37 Pages Posted: 14 Aug 2013 Last revised: 2 Jun 2014
Date Written: August 1, 2013
Cyber-espionage has received even greater attention in the wake of reports of persistent and brazen cyber-exploitation of U.S. and Canadian firms by the Chinese military. But the recent disclosures about NSA surveillance programs have made clear that a national program of cyber-defense of private firms intellectual property is politically infeasible. Following the lead of companies like Google, private corporations may increasingly resort to the use of self-defense, hacking back against cross-border incursions on the Internet. Most scholarship, however, has surprisingly viewed such actions as outside the ambit of international law. This note provides a novel account of how international law should govern cross-border hacks, and especially hack-backs. It proposes that significant harm to a State’s intellectual property should be viewed as “trans-boundary cyber-harm” and can be analyzed under traditional international legal principles, including the due diligence obligation to prevent significant harm to another State’s territorial sovereignty. Viewing cyber-espionage within this framework, international law may presently permit States to allow private actors to resort to self-defense as proportionate counter-measures. By doing so, this note offers a prescription for how States might regulate private actors to prevent unnecessary harm or vigilantism while preserving the right of self-defense.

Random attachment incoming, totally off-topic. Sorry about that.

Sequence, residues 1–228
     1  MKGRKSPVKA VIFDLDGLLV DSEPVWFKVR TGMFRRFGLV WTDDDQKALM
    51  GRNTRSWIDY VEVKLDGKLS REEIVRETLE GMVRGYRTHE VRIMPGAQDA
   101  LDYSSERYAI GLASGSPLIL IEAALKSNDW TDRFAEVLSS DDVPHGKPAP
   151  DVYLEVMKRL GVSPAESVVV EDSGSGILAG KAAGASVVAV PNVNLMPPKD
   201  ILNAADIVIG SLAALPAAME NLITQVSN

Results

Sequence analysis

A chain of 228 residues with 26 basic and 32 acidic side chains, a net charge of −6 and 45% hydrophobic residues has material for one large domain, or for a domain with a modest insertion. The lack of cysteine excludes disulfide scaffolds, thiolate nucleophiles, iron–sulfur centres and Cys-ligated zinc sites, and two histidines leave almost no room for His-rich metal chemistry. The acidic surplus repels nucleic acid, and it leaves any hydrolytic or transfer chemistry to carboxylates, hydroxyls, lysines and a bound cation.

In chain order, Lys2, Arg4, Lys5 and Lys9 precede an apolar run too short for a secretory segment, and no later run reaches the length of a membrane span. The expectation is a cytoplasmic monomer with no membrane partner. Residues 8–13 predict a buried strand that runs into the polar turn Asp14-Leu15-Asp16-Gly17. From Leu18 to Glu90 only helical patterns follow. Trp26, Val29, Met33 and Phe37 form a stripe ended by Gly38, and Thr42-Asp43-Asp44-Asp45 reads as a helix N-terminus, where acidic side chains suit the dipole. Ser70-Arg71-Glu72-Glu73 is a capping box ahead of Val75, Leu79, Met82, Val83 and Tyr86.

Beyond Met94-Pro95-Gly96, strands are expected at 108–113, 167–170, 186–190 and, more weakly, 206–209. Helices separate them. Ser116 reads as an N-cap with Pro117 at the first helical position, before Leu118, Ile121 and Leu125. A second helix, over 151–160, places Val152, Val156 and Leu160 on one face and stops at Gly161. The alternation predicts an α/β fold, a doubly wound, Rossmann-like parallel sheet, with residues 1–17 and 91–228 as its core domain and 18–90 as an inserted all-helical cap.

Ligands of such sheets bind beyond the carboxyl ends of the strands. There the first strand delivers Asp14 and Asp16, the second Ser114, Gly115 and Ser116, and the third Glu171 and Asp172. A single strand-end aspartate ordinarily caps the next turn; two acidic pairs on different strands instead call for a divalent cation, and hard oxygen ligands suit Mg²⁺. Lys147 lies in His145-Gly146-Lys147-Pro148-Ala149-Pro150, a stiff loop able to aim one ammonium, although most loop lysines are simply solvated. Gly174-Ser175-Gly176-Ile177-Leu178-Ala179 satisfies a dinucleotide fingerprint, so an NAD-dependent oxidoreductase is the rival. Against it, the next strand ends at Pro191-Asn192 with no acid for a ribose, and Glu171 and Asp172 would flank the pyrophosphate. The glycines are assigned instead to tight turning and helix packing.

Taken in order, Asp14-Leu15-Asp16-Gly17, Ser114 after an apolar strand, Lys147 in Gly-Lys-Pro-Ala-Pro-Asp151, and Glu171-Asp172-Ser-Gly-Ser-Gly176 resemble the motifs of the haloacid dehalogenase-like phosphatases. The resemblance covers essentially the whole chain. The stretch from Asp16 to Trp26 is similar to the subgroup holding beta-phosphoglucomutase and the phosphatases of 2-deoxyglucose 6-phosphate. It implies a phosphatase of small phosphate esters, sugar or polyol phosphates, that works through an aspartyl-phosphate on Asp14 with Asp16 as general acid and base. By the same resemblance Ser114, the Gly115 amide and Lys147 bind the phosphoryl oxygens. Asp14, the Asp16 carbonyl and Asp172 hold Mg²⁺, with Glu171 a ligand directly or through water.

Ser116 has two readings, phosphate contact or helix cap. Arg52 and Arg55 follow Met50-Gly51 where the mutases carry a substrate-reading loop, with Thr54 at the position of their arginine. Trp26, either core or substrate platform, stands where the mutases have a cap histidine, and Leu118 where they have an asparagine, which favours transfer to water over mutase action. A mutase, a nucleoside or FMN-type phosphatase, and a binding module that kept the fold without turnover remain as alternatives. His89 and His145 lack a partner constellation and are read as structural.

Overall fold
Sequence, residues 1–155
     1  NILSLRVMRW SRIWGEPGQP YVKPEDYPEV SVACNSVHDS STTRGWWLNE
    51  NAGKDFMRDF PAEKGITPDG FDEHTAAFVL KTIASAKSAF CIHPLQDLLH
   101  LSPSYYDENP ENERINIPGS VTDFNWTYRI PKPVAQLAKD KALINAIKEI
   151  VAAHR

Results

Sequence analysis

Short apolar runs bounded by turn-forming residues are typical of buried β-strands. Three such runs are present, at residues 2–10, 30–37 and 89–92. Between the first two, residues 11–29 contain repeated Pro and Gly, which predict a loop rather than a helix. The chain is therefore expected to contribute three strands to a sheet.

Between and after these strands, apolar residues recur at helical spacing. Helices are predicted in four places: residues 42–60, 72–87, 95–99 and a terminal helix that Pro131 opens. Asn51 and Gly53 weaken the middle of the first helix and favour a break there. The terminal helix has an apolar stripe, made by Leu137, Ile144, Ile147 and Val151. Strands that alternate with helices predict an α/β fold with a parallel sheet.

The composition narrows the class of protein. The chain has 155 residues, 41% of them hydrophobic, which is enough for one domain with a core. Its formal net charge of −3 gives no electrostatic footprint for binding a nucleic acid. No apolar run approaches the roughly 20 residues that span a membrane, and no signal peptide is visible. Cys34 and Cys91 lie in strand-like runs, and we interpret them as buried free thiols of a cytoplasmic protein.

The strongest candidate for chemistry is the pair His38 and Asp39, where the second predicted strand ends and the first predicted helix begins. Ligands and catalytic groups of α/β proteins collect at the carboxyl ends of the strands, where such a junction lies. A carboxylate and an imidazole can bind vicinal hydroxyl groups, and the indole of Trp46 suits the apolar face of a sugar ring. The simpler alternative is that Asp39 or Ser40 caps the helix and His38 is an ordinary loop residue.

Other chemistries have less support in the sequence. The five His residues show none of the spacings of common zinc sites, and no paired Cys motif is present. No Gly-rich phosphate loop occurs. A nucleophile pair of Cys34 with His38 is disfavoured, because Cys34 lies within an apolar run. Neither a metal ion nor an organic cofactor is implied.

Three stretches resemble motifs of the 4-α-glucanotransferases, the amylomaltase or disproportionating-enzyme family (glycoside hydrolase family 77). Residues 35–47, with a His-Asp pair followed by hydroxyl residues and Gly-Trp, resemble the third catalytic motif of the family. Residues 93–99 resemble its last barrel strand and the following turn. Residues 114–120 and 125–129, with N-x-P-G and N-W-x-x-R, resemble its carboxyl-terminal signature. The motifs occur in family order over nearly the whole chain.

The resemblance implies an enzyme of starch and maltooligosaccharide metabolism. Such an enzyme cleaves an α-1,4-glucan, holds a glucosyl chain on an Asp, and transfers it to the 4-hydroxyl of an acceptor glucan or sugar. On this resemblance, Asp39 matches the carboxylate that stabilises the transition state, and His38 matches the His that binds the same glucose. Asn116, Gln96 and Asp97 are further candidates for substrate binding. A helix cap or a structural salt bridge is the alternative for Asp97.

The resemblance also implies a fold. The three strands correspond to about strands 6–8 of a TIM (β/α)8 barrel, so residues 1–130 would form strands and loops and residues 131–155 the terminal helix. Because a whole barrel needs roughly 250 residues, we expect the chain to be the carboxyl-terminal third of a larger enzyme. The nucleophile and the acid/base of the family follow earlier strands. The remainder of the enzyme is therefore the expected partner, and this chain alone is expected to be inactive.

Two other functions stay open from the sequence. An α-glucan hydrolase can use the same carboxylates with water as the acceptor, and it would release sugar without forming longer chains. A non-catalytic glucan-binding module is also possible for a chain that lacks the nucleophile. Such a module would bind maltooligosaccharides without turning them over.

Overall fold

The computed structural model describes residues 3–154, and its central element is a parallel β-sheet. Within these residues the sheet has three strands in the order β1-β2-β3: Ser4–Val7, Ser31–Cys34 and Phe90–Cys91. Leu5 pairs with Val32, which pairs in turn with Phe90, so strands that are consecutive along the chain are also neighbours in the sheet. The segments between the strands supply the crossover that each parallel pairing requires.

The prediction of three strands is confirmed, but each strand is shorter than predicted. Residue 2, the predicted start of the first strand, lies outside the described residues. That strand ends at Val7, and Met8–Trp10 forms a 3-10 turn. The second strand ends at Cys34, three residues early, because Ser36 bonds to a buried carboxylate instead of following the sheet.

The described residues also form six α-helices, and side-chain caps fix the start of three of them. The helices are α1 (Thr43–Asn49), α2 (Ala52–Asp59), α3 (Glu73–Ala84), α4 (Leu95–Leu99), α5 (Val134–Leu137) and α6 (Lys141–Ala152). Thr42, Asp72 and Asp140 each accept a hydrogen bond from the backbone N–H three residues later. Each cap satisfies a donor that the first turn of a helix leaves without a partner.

Keywords: international law, hacking, hack-back, cyber-hacking, cyber-espionage, counter-measures, trans-boundary harm
Suggested Citation: Suggested Citation
Messerschmidt, Jan, Hackback: Permitting Retaliatory Hacking by Non-State Actors as Proportionate Countermeasures to Transboundary Cyberharm (August 1, 2013). Columbia Journal of Transnational Law, Forthcoming. Available at SSRN: https://ssrn.com/abstract=2309518
By David Pozen